BUENOS AIRES (Reuters) – The International Monetary Fund has a tough choice to make in Argentina: Unlock over $5 billion in funds under the country’s loan deal as the government strains to stave off default, or hold the money back and risk sparking more market panic. FILE PHOTO: Argentine unions, small firms and activists march near Argentina’s Congress to demand changes in President Mauricio Macri’s economic policies, in Buenos Aires, Argentina April 4, 2019. The banner reads “Macri out and no to the IMF.” REUTERS/Agustin Marcarian/File PhotoThe IMF, which agreed a $57 billion line of credit with the South American nation last year, needs to make a decision on releasing the latest tranche of those funds. The disbursement was originally set to be made this month. But that has been thrown into disarray after a huge primary election defeat for business-friendly President Mauricio Macri last month sparked a crash in the peso, leading his government to impose capital controls to stem the rout. Populist-leaning challenger Alberto Fernandez is now the front-runner to win the Oct. 27 election. “The Fund will not disburse more money until the presidential election in October,” opined Gabriel Monzon, head of local consultancy Grupo Latina. “This will be an unexpected blow for the economy.” An IMF spokesman declined to comment for this story. When asked about risks to the program on Thursday, a spokesman said the IMF would not make a decision until Washington meetings with Argentine officials, planned for late September. Since the Aug. 11 primary defeat, Macri has blown out his IMF-agreed fiscal targets by upping welfare payments and cutting personal income and food taxes. He has staved off default for now, by extending the maturities on about $100 billion in debt. “Given the fragile debt situation… the Fund could be forgiven for not wanting to throw (more) good money after bad,” developing markets advisory Tellimer said in a note. It added the IMF was in a tough spot where it would not want to “rock the boat” in a sensitive election period even though it should probably “walk away” from its program with Argentina. A Treasury Ministry spokesman told Reuters it was “conjecture” for analysts to say the IMF would not make the disbursement on time. “The point is that with the re-profiling of the debt and the capital controls, there is no immediate need for these funds,” the spokesman said. The IMF and debt defaults are a touchy subject in a country where many blame the Fund’s austerity policies for setting the stage for a massive 2001 bond default and financial crisis that threw millions of middle-class Argentines into poverty. ECONOMIC OUTLOOK DARKENS IMF staff are doing a review of Argentina’s economic performance in the second-quarter of the year. Disbursements are usually linked to the successful completion of such reviews. The tranche of funds – which follows $44 billion of the IMF program released so far – is linked in part to the evaluation by the Fund of the country’s economy in the April-June period, in which Macri’s government can argue their goals were well met. Much has changed since then, however. Inflation spiked in August when the peso lost a quarter of its value against the dollar. Bond prices hit record lows before recovering slightly after currency controls were imposed. FILE PHOTO: Demonstrators hold placards that reads “enough of (Argentina’s President) Macri and IMF”, at the Buenos Aires Obelisk during a one-day national strike, in Argentina May 29, 2019. REUTERS/Agustin Marcarian/File PhotoThe tumult has darkened the outlook for Latin America’s third biggest economy. Inflation expectations for this year have jumped to 55%, with the economy now seen shrinking 2.5% in 2019, according to economists polled by the central bank. Gustavo Neffa, an Argentine economic analyst at Research for Traders, also said he believed the release of the tranche would be delayed until after the election and the deal may be altered. “I think they will wait to make the disbursement. The government outperformed its fiscal and monetary goals for the second quarter, but that’s not enough,” he said. Reporting by Hugh Bronstein, Eliana Raszewski, Gabriel Burin, Walter Bianchi and Jorge Otaola; Editing by Adam Jourdan and Rosalba O’BrienOur Standards:The Thomson Reuters Trust Principles.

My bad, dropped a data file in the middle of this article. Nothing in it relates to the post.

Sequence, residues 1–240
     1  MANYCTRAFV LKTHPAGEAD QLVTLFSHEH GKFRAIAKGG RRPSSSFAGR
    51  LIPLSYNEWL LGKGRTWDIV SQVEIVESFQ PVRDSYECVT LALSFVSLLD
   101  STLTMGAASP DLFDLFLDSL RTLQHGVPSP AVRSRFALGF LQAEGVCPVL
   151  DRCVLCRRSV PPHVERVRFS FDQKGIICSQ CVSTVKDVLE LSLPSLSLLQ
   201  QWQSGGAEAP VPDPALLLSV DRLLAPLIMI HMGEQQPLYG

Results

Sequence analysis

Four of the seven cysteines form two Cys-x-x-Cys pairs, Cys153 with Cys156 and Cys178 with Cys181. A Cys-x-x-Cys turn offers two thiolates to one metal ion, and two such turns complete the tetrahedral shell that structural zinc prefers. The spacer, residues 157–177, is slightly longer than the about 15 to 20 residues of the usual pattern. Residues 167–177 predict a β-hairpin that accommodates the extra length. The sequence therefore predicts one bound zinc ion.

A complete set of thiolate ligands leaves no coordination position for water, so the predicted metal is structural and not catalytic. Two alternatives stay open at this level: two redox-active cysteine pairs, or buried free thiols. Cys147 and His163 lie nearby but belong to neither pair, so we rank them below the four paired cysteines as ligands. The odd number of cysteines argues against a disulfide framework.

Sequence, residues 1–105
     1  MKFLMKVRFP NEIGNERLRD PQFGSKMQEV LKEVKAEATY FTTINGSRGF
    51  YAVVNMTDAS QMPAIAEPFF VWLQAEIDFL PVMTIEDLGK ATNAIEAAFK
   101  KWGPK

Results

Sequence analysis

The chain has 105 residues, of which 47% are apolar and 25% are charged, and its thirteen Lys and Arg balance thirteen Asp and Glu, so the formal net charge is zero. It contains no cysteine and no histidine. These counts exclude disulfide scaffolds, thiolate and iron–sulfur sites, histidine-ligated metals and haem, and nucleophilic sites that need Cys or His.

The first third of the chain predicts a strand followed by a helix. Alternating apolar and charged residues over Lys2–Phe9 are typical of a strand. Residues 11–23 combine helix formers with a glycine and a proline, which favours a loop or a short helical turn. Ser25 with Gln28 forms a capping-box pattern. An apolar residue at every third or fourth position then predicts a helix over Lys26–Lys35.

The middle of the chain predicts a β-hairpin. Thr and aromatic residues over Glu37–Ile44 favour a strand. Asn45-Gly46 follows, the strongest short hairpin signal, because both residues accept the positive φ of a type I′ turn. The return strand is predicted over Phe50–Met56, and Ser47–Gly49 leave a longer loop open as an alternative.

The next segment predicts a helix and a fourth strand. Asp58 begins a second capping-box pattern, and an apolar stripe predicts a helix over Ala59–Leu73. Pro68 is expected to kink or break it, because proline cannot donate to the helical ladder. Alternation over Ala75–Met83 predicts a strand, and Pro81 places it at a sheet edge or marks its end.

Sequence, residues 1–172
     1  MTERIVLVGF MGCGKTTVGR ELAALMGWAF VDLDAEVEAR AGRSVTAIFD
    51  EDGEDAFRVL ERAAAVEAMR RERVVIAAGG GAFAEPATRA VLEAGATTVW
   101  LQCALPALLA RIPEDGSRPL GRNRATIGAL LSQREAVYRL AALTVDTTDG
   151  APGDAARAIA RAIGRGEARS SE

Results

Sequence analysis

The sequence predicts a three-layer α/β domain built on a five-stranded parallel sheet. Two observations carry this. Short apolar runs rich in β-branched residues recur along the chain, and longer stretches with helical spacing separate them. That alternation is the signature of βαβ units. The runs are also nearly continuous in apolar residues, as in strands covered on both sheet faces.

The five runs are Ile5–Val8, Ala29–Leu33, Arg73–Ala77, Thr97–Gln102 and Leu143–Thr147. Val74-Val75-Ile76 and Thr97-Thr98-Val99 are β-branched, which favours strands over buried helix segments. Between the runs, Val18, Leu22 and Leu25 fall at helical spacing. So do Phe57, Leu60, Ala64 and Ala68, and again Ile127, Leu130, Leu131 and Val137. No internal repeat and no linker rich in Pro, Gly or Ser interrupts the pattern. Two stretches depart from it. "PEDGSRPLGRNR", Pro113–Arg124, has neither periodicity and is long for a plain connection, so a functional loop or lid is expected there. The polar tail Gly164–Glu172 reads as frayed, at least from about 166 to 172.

Source link

Leave a Reply

Your email address will not be published.